The city’s response to the climate emergency must create new jobs and tackle poverty, say Greens

Push for a ‘Green New Deal’ for Brighton and Hove

The city’s response to the climate crisis could help to combat poverty and create new jobs, Greens have said today, calling on the council to adopt a ‘Green New Deal.’

Brighton and Hove City Council has declared a ‘climate and biodiversity emergency,’ and agreed last December to commit to reducing carbon emissions to ‘net zero,’ by 2030.

A proposal going to a meeting of full council today, (October 24th) will put forward plans for a ‘Green New Deal,’ for the city, that looks at how plans to reduce carbon emissions can also create new jobs and better opportunities for people in Brighton and Hove.

Calling for positive change, Greens say the climate emergency can be addressed in ways that simultaneously tackle problems of poverty, inequality and accessibility, such as through minimising fuel poverty and boosting opportunities in ‘low carbon’ industries – including public transport and renewable energy. 

Greens also want the council to write to Secretary of State for Work and Pensions, urging the Government to support a national Green New Deal, so that issues of social inequality and poverty become central to nationwide plans to reduce carbon emissions.

Work on a ‘Green New Deal,’ has been underway for several years, with Green MP Caroline Lucas co-founding the UK’s Green New Deal group in 2008.

Councillor Amy Heley, who will put forward the proposals, commented:

“The Green New Deal is a not a new idea – but it is desperately needed. If we don’t act now the climate crisis will be a catastrophe. But we can be bold in the way we respond and use this opportunity to drastically improve quality of life.

“Brighton and Hove City Council has a key role to play in promoting investment in both people and planet. We must seize the chance to address poverty and inequality – through steps such as insulating homes to prevent fuel poverty. We can benefit our health – by improvements to air quality that also address the climate emergency. Working with partners across all sectors, there is an opportunity to boost jobs that play a direct role in our transition to a carbon neutral city.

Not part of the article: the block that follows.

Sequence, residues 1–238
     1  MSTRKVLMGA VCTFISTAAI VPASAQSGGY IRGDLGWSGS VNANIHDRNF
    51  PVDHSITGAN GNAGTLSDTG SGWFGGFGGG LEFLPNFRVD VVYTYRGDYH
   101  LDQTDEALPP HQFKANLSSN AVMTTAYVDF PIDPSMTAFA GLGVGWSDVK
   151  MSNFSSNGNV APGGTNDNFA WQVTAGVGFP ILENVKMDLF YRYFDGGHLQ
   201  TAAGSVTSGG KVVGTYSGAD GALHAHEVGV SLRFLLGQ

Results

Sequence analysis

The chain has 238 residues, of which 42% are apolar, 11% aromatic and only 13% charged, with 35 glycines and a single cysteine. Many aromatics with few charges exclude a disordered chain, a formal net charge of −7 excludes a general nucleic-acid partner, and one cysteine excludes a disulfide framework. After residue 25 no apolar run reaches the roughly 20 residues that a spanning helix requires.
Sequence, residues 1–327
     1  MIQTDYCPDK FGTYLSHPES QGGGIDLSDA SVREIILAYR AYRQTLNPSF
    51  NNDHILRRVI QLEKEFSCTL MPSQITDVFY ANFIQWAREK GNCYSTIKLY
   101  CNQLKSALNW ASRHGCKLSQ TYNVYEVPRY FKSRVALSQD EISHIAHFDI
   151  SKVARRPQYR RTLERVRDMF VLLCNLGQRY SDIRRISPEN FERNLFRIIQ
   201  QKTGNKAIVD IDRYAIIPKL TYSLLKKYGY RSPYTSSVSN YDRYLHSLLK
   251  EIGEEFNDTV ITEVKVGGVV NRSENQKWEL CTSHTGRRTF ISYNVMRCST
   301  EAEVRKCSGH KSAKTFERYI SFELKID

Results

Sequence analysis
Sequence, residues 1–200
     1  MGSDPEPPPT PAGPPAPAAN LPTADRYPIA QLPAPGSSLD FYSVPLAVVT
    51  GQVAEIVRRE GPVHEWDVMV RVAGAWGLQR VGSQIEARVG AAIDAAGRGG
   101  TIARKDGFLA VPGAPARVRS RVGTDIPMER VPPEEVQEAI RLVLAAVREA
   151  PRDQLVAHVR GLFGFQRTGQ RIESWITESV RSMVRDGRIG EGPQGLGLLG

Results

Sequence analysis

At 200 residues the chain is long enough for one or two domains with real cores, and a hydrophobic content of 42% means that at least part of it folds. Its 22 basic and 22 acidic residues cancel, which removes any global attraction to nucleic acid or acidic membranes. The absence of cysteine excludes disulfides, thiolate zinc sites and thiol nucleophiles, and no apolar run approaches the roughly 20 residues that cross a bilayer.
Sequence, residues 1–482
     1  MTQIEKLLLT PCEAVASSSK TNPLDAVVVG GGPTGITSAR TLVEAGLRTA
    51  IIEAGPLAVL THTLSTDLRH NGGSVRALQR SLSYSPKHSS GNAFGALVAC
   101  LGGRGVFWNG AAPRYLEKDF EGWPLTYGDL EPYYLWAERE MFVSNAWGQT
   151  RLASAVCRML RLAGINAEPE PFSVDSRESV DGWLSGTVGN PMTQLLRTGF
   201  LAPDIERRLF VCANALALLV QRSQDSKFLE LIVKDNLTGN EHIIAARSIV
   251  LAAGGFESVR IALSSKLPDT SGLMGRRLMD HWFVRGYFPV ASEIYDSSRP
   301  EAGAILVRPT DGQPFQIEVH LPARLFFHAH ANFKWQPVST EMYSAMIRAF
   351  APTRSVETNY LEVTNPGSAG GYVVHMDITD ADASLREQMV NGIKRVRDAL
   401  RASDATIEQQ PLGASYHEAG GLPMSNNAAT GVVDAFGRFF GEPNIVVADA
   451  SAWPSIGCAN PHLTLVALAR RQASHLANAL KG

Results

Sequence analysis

“It is vital we work with partners to assess how our own commitment to addressing the climate emergency can improve social justice and job creation, as we enter the 10-year process of reaching net zero by 2030. Our response to the climate crisis can also be a positive one.”

Councillor Elaine Hills added:

“We now face the collapse of the environment, of biodiversity, habitats and species extinction – crises that demand a large scale response. To reverse the decline of our natural environment it’s clear that there is a need for major reform – but the reform we need is in fact well overdue: looking at a system that can prioritise people and our environment instead of focusing on profit and plundering natural resources.

“The council can play a major role in this transition. We urgently need to look at ways we can move away from using fossil fuels and the practices of industries with high carbon use. Businesses must also be encouraged to get on board, in ways that protect, enhance and offer new jobs. It is positive that work towards carbon neutrality and developing a ‘circular economy,’ that reduces waste, for example, is already underway.

“On top of this, our call for a Green New Deal asks the council to demonstrate good practice as a major employer – by continuing to develop ‘net zero’ initiatives and employment opportunities, setting an example in our own buildings and employment practices.

“Changes that support our environment can also support our residents – for example, work to help people insulate their homes, or develop district heat networks from renewable energy sources, can ensure we make the transition away from costly fossil fuel based energy and address fuel poverty.

“At this stage we are asking the council to explore what can be done and to commit to working with partners across the city. There is so much to be gained by ensuring environmental change and social justice go hand in hand. We can innovate in ways and at a scale that we have never been able to before, to benefit everyone.” 


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